Stratasys (NASDAQ:SSYS) is slated to report its first-quarter earnings before the market opens on Monday, May 11. Unfortunately, investors already know what to expect with respect to the headline numbers. On April 29, the leading 3D printing company shocked the market when it released preliminary results that fell short of analysts' expectations and lowered its full-year 2015 guidance.

First, a recap of what we already know, and then what investors should watch for on Monday.

The preliminary Q1 results and full-year 2015 guidance
The big picture: 



Adjusted EPS


Preliminary Q1 results

$171 million-$173 million (represents YOY growth of 14%; 20% on constant-currency basis)

$0.02- $0.04

($4.09)- ($3.40)

Analysts' updated consensus

$172.6 million



Analysts' consensus before preannouncement

$198.8 million



Stratasys' updated 2015 guidance

$800 million-$860 million (represents 10.6% YOY growth)


($4.79)- ($3.50)

Stratasys' previous 2015 guidance

$940 million-$960 million



Analysts' current 2015 consensus 

$826.1 million



Analysts' 2015 consensus before preannouncement

$943.1 million



Sources: Stratasys and Yahoo! Finance.

Source: Stratasys.

What we know: MakerBot's continued woes; other reasons for shortfalls; ratcheting back of 2015 capital spending
We know that Stratasys expects MakerBot's year-over-year revenue to fall about 18%, and that it will take a goodwill impairment charge for the desktop 3D printer maker of approximately $150 million to $200 million in the quarter. This follows the $102 million impairment charge it took for MakerBot last quarter. The continued MakerBot woes account for much of the company's anticipated earnings shortfall in the quarter and year, as the expected impairment charge equates to about $1.96-$2.16 per share.

Unlike last quarter, however, Stratasys also experienced weakness in its core enterprise-focused offerings. It attributed this to several factors, including the negative impact from a strong U.S. dollar. The most concerning factor cited was a decline in capital spending among certain industries, particularly in North America.

We also know that in light of the current economic environment that Stratasys plans to reduce its 2015 capital expenditures from a range of $160 million-$200 million to a range of $80 million-$110 million.

What investors should focus on in Stratasys' official results:

Revenue expectations for enterprise offerings in 2015
For the year, Stratasys pared back its revenue expectations $120 million -- from $950 million to $830 million, the midpoints of the original and current ranges.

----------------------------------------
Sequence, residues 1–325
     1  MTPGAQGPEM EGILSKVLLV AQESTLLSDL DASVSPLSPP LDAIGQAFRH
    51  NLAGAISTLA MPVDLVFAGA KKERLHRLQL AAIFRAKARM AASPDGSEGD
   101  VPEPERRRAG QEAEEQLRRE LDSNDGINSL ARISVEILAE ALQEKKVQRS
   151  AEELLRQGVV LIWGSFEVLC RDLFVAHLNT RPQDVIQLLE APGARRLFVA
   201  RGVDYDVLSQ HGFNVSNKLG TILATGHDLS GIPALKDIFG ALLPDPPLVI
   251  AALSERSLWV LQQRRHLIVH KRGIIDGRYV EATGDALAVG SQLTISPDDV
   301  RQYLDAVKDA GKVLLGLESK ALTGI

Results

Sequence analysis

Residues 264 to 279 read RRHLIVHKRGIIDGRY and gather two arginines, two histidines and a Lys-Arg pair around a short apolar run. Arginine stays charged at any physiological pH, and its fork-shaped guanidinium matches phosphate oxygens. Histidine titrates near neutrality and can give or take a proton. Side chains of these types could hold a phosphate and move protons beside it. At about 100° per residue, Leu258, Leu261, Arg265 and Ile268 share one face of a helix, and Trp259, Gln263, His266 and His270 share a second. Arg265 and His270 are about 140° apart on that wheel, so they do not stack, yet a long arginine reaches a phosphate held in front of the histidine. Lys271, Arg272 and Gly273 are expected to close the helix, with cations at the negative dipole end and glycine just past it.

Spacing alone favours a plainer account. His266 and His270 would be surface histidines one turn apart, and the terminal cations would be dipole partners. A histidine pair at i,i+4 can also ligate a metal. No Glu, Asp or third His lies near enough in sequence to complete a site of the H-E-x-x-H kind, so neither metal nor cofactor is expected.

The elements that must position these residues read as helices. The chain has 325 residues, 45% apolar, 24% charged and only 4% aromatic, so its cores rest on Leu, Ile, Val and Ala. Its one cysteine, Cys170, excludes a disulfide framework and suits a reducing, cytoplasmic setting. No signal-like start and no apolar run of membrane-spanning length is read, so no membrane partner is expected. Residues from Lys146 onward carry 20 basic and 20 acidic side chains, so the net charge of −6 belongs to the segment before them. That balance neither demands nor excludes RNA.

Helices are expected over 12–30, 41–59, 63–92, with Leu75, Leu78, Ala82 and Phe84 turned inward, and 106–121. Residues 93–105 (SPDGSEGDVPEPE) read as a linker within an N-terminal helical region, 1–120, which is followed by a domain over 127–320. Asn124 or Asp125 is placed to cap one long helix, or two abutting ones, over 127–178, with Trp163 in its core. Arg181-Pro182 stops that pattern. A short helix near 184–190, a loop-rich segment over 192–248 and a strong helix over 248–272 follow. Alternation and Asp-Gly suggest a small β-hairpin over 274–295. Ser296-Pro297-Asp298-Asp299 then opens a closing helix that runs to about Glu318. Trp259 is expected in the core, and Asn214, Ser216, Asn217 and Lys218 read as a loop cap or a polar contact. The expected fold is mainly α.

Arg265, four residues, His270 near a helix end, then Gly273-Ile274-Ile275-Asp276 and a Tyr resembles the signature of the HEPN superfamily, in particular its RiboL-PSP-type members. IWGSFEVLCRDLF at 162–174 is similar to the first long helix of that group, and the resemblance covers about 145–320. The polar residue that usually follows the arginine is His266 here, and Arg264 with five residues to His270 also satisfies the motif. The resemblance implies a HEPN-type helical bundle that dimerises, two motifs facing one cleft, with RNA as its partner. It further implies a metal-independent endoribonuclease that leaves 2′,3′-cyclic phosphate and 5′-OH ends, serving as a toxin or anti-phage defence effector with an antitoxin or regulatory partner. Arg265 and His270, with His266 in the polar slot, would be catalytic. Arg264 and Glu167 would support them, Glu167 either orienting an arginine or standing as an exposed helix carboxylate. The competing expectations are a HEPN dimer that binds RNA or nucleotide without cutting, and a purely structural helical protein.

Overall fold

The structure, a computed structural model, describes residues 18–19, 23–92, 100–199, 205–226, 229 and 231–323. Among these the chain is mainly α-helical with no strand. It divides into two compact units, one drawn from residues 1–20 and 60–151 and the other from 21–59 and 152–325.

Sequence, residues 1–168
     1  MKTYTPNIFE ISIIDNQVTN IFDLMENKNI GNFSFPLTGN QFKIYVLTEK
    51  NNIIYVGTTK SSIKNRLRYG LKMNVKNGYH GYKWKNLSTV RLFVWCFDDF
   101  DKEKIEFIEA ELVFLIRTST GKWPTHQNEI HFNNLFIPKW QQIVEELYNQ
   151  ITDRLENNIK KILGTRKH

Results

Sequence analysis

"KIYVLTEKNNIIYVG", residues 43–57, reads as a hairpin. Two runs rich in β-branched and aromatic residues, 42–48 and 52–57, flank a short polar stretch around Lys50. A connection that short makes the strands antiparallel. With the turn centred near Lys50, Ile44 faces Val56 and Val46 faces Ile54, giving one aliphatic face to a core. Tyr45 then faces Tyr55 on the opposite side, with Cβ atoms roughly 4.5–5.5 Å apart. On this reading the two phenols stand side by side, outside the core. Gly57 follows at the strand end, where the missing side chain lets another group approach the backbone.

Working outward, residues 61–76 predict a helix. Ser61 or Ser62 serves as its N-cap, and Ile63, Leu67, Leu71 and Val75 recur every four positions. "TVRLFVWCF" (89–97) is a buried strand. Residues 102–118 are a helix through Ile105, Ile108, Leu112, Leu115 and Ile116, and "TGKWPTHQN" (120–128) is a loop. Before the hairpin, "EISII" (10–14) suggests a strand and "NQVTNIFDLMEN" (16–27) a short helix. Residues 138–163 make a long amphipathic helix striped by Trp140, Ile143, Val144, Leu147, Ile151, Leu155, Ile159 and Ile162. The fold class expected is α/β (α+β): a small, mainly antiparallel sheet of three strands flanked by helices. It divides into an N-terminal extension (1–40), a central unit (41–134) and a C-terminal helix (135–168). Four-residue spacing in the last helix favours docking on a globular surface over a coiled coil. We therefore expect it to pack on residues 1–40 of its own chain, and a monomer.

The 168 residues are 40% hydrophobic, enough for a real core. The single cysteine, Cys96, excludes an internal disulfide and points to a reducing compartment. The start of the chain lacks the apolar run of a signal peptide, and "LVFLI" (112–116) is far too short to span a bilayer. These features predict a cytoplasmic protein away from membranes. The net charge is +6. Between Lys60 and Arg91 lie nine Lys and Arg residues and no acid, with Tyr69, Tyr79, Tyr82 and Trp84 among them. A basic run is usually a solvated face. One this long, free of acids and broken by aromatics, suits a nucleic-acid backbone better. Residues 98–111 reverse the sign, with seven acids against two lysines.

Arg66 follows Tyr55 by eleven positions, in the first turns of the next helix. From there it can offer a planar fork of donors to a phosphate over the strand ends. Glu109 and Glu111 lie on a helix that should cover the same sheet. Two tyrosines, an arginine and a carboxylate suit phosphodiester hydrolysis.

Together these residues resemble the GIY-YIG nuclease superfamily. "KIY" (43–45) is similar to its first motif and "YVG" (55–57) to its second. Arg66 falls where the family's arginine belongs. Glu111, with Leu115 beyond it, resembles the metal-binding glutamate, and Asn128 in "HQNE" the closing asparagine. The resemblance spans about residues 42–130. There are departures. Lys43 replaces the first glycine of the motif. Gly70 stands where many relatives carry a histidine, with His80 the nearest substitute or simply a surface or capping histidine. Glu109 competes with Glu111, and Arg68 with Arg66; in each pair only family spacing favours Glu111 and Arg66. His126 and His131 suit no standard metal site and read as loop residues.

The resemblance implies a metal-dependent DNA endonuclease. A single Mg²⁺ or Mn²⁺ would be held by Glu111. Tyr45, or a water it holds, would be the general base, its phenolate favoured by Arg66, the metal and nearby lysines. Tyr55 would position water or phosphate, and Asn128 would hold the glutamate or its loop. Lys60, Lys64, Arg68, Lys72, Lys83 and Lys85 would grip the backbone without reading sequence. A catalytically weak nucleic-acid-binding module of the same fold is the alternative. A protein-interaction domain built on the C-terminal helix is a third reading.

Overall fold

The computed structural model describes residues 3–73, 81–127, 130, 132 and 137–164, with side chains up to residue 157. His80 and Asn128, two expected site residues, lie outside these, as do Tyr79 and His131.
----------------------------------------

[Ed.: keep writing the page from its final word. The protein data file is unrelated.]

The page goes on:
Investors should key in on how much of this pare back is due to MakerBot versus how much is due to its core enterprise-focused product and service offerings. The greater the latter, the more concerning the situation, in my view. Enterprise offerings account for the bulk of Stratasys' revenue (about 88% in the last quarter; never less than 81%). More importantly, however, they're the company's earnings-growth engine, as they sport higher margins than MakerBot.

Decline in capital spending 
Stratasys' preliminary result's press release didn't expound on the statement about the "decline in capital spending among certain industries, particularly in North America."

Investors should pay close attention to what Stratasys says about this factor. A decline in spending because of short-term economic headwinds is a minor bump in the road, while a decline that appears like it could be more protracted is considerably more worrisome. 

It seems a core question is whether some customers are delaying purchases to see what competitive offerings are on the horizon from others, most notably from Hewlett-Packard in 2016. It's doubtful that Stratasys will address this issue in its earnings release, but it's highly likely that analysts will ask about it during the conference call. 

The usual: margins and average selling prices
We already know that Stratasys expects gross margin on a non-generally accepted accounting principles basis to fall approximately 190 basis points over the fourth quarter of last year, mainly because of a change in product mix. Investors should key in on whether a drop in average selling prices for the enterprise-focused offerings is a factor here. Obviously, we don't want to see the company losing pricing power, though one quarter doesn't make a trend. Up until last quarter, Stratasys' ASPs -- excluding MakerBot -- were holding firm.